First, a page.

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NE Illinois
I will add something very simple - SLOW DOWN.

I set my cruise at 66-67 on the (70 mph) highway. All the cars pass me, and I slowly approach the trucks so I have plenty of time to plan a safe pass. It's unreal how many motorhomes and travel trailers just FLY by me at 75-80.

My hurry and excitement to reach our destination will ALWAYS take a back seat to getting there safely. Who cares if it's 20 minutes later??
 

UTTransplant

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Jul 20, 2014
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2,651
Location
Cedar Falls, IA
I have a lead foot. I always have. I am eternally thankful for cruise control that keeps me legal and safe. I am also a definite type A personality, though that has moderated since I retired. I set my motorhome cruise on 62-64 because that is the sweet spot for fuel economy/RPMs for my engine and transmission combo. If I “drive by foot” I can easily get the rig to 70 without noticing since my rig drives pretty sweetly. To repeat, thank goodness for cruise control.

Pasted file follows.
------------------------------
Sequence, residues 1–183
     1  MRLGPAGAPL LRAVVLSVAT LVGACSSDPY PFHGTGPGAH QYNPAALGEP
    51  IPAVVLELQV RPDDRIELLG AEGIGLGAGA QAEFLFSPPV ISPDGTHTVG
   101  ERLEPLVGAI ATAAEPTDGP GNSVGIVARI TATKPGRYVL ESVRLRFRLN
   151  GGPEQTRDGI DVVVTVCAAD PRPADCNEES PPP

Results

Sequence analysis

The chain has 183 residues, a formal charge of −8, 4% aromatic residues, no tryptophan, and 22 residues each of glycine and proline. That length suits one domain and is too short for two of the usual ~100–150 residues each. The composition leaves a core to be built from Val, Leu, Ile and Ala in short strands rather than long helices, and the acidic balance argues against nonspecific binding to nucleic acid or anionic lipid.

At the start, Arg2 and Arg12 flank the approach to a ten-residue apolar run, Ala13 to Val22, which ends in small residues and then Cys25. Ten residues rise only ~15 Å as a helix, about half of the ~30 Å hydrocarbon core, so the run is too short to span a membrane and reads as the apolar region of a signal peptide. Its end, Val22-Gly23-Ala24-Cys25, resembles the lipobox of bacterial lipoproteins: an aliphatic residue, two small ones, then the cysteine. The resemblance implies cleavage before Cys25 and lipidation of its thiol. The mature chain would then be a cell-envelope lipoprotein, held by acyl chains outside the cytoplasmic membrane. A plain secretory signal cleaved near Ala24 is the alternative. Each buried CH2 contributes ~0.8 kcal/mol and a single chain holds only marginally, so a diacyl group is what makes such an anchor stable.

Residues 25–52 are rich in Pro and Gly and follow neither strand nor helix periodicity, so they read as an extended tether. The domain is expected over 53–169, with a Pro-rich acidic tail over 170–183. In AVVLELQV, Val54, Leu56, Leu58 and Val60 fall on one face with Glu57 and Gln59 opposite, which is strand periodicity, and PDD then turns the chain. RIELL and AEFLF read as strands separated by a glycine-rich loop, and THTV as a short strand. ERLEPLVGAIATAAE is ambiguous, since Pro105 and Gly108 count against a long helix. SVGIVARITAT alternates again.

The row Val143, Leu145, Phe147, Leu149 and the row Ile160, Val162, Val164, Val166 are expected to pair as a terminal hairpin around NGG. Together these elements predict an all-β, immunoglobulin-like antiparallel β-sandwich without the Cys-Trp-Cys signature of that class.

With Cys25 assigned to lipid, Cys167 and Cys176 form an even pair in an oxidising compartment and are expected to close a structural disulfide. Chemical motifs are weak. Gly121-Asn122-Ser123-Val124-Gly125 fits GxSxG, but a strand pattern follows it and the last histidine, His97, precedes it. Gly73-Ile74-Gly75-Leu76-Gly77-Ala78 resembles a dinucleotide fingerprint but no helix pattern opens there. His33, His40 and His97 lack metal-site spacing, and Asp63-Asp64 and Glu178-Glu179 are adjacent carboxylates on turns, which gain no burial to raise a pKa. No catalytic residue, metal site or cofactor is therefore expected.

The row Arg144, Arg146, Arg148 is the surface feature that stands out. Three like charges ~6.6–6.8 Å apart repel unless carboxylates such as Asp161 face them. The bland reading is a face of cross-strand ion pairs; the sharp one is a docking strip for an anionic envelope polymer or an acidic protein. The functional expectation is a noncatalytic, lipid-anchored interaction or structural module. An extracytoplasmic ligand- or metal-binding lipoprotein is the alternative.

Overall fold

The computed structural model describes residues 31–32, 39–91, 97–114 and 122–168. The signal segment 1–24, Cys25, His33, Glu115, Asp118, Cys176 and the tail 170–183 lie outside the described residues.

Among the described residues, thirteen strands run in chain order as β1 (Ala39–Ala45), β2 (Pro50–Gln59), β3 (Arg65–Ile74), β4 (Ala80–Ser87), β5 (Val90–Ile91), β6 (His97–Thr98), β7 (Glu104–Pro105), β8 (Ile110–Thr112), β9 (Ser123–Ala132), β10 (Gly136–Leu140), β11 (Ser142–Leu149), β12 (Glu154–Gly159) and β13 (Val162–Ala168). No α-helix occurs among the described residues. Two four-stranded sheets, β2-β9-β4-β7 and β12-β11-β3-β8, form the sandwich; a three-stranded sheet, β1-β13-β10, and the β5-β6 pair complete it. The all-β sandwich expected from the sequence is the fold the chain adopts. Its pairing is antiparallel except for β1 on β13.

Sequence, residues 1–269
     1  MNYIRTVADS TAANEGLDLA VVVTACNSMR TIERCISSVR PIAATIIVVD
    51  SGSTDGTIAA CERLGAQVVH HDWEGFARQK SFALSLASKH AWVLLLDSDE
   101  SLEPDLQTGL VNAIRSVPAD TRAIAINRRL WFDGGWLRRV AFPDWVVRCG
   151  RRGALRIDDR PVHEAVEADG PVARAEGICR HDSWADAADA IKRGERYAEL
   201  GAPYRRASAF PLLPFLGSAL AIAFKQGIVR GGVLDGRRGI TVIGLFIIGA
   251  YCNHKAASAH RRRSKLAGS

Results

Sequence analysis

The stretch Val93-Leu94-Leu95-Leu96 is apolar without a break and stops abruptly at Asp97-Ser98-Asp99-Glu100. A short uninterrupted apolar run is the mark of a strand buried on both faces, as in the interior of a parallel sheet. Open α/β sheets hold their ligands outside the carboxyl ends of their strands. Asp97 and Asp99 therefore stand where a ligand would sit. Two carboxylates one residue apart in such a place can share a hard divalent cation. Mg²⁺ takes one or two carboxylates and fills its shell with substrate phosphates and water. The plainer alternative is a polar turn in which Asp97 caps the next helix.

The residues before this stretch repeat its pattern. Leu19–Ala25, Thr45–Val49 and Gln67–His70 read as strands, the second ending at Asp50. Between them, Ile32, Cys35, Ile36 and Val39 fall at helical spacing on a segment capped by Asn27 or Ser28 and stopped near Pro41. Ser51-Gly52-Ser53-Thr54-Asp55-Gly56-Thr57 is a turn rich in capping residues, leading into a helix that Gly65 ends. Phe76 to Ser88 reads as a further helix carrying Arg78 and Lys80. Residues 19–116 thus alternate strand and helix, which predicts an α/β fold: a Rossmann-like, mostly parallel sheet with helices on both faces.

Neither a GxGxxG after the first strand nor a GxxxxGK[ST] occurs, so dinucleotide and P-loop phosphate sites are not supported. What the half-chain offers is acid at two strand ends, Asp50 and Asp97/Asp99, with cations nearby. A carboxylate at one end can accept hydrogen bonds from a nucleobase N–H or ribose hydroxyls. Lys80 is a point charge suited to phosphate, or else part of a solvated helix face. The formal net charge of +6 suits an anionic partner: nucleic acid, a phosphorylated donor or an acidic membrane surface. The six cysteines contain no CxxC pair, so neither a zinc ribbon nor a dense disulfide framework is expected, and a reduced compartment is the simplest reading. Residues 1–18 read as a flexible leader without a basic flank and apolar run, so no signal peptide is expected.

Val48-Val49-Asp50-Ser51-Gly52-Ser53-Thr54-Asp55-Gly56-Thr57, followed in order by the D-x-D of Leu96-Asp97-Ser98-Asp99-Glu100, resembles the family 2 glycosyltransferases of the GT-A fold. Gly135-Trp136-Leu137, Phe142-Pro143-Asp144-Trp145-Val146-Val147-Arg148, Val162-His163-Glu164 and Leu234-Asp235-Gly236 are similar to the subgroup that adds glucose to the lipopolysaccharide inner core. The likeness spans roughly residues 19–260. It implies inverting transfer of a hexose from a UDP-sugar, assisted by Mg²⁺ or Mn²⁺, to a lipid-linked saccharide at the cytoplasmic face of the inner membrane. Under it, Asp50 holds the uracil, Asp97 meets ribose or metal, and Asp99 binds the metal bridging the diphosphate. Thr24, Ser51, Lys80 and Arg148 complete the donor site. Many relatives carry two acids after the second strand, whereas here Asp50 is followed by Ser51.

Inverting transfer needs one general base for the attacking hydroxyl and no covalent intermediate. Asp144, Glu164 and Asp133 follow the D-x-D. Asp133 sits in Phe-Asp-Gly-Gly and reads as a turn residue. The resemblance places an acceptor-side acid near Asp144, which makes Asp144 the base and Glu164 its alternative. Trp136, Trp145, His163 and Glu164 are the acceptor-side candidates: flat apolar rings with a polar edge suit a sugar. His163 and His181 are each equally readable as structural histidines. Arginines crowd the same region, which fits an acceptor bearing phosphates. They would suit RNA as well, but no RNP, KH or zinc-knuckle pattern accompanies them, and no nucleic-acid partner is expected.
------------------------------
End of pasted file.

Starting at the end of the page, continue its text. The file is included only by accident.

SmokerBill

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Sep 25, 2010
Posts
213
Location
Washington State
Know that your rig is in a safe driving condition to the best of your abilities.

At every fuel or rest stop, check the condition of the tires, check the wheel hubs for overheating, and check the connection of the trailer to the tow vehicle.

Check that all lights are working each morning before starting your drive.

If pulling a trailer or 5th wheel, check the operation of the brake controller by manually actuating the controller each morning when starting out.
 

SeilerBird

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Feb 25, 2012
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St Cloud Florida USA
Loose Nut - I am sure you have a great story to tell but you have diarrhea of the keyboard. I am not going to read a post that is that long. You should have a blog instead and then post a short introduction to the story with a link to your blog.